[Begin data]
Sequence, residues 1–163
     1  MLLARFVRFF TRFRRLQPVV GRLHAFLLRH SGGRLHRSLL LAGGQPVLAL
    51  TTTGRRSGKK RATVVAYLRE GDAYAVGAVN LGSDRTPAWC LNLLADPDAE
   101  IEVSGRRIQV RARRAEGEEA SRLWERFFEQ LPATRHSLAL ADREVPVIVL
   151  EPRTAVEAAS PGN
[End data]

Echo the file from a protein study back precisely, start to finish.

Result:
Sequence, residues 1–163
     1  MLLARFVRFF TRFRRLQPVV GRLHAFLLRH SGGRLHRSLL LAGGQPVLAL
    51  TTTGRRSGKK RATVVAYLRE GDAYAVGAVN LGSDRTPAWC LNLLADPDAE
   101  IEVSGRRIQV RARRAEGEEA SRLWERFFEQ LPATRHSLAL ADREVPVIVL
   151  EPRTAVEAAS PGN